Texas unlikely to move on red flag laws despite Uvalde shooting, federal gun control bill: report


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Texas is unlikely to pass the Red Flag Act provisions included in bipartisan gun control legislation that is expected to advance in the US Senate on Thursday, even if the bill is fast-tracked after passage of the bill. Uvalde massacre, according to reports.

The current 80-page bipartisan Safer Communities Act bill will make $750 million in federal funding available to help states administer a red flag law if they have or pass one — though the States without them can also claim money by adopting other policies unrelated to guns.

But the federal legislation, while backed by U.S. Sen. John Cornyn, R-Texas, will likely be a non-starter for other Republican leaders in Texas given the backlash Republican Texas Gov. Greg Abbott received when he asked the state legislature to consider red. flag laws four years ago, the Texas Tribune reported.

Although the school shooting in Uvalde, Texas, which left 19 children and two teachers dead, was one of the inspirations for Capitol Hill lawmakers to write the bipartisan Safer Communities Act, Lt. Gov. of Texas, Dan Patrick, said in a recent radio interview that he still opposes red flags as part of a legislative solution.

TEXAS OFFICIAL: AN UVALDE SHOOTER DRIVEN BY SOCIAL MEDIA FAME, HORRIBLE BEHAVIOR UNCHECKED FOR MONTHS

A banner hangs from a memorial outside Robb Elementary School on Friday, June 3.
(AP/Eric Gay)

“After the Santa Fe shooting, we had the same decision to do this and we didn’t support it,” he said in a radio interview. Patrick, who chairs the state Senate and has a strong influence on the proposed legislation, said if he had been in the US Senate he would have been among 36 Republicans, including Senator Ted Cruz, to vote against the federal proposal on Tuesday. .

Cornyn, who received boos and jeers from the crowd during her address to the Texas GOP convention last week, led Republican negotiations on the federal proposal while insisting that she would not introduce National Red Flag Act for all 31 states without state-level versions. .

This file photo shows Texas Lieutenant Governor Dan Patrick speaking in the state Senate chamber on the first day of the third special session of the 87th Legislature at the state Capitol on September 20, 2021 , in Austin, Texas.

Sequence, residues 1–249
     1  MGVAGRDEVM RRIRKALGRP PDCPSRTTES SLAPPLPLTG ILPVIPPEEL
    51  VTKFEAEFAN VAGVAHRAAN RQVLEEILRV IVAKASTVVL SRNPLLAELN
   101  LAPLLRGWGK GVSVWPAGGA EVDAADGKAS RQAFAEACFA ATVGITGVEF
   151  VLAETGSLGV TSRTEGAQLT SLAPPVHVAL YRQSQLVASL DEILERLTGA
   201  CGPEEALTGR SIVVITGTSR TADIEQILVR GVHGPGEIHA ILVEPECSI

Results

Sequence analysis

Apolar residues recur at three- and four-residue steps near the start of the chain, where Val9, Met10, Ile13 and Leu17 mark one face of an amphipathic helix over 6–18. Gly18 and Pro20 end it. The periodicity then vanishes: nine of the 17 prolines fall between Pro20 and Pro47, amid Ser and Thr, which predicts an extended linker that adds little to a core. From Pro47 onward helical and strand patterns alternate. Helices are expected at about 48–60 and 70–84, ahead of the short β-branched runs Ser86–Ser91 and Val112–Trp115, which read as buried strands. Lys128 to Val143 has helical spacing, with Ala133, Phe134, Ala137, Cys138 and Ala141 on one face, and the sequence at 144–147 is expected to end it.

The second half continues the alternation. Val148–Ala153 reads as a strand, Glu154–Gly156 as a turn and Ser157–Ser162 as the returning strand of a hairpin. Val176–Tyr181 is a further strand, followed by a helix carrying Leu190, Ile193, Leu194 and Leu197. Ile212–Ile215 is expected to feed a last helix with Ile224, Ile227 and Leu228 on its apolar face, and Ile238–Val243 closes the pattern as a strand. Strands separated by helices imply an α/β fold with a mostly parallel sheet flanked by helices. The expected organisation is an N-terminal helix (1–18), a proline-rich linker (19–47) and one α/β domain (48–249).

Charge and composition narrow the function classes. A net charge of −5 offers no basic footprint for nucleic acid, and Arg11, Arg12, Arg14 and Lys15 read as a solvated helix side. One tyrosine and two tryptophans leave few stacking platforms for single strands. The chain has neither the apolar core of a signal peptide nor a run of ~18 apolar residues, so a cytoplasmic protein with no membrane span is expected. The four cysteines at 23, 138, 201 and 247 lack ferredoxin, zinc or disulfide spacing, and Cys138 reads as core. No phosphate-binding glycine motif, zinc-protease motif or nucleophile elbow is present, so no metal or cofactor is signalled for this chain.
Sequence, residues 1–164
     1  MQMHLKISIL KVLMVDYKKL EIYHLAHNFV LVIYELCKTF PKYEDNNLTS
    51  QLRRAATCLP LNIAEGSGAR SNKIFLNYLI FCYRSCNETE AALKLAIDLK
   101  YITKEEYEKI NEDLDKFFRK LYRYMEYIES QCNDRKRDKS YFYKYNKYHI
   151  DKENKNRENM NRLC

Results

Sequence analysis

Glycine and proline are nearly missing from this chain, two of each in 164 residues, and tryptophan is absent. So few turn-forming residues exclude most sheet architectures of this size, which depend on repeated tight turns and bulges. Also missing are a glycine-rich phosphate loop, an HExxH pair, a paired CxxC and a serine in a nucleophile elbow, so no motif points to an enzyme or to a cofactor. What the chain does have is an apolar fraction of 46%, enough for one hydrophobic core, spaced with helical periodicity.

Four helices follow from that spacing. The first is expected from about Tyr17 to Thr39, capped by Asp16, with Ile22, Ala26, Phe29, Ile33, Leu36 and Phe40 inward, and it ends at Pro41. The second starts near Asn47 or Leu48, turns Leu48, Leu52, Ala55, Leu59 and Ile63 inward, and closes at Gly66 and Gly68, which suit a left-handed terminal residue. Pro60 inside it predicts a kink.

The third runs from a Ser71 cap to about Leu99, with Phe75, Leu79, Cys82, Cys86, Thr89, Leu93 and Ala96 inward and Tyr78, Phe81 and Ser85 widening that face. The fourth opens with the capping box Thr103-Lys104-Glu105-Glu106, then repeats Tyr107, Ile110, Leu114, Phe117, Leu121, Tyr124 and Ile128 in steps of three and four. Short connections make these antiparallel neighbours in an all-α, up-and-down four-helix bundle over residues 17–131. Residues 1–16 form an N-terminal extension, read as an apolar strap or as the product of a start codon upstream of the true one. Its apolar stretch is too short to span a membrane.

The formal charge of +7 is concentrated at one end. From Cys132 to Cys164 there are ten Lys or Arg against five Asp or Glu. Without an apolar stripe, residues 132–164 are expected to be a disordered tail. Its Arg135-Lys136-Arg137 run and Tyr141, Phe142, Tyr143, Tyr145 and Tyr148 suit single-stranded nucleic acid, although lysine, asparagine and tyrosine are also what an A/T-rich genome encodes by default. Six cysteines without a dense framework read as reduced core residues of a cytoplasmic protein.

This file photo shows Texas Lieutenant Governor Dan Patrick speaking in the state Senate chamber on the first day of the third special session of the 87th Legislature at the state Capitol on September 20, 2021 , in Austin, Texas.
((Photo by Tamir Kalifa/Getty Images))

He insisted that it would be up to state legislatures and noted that federal funding can be used for “law enforcement-related grants to crisis response programs, whether you’ve passed a red flag program or not”.

The nation’s first red flag law was passed in Connecticut in 1999, allowing police — but not medical professionals or family members — to ask a judge for permission to seize firearms. a person considered extremely dangerous to themselves or others.

Senator John Cornyn, R-TX, speaks during a hearing on "Protecting America's Children from Gun Violence" with the Senate Judiciary Committee at the United States Capitol on June 15, 2022 in Washington, DC.

Senator John Cornyn, R-TX, speaks during a hearing on ‘Protecting America’s Children from Gun Violence’ with the Senate Judiciary Committee at the United States Capitol on June 15, 2022 in Washington, DC.
((Photo by Anna Moneymaker/Getty Images))

Over the next two decades, a handful of other states passed similar laws, and for some states, people other than the police — such as family members — can petition the courts to have their guns removed or to prevent a person from buying weapons if they are considered a danger to himself or others.

In 2018, the mass shooting at Marjory Stoneman Douglas High School in Parkland, Florida sparked a new round of red flag laws. By the end of 2021, 19 states and the District of Columbia had passed similar legislation. Not all states agree, however: In 2020, Oklahoma banned its counties and municipalities from passing red flag laws.

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The bill is due for consideration in the US Senate on Thursday even after the Supreme Court ruled 6-3 on the same day as New Yorks regulations, which made it difficult to obtain a license to carry a concealed handgun, were unconstitutionally restrictive, and that it should be easier to obtain such a license.

The Associated Press contributed to this report.


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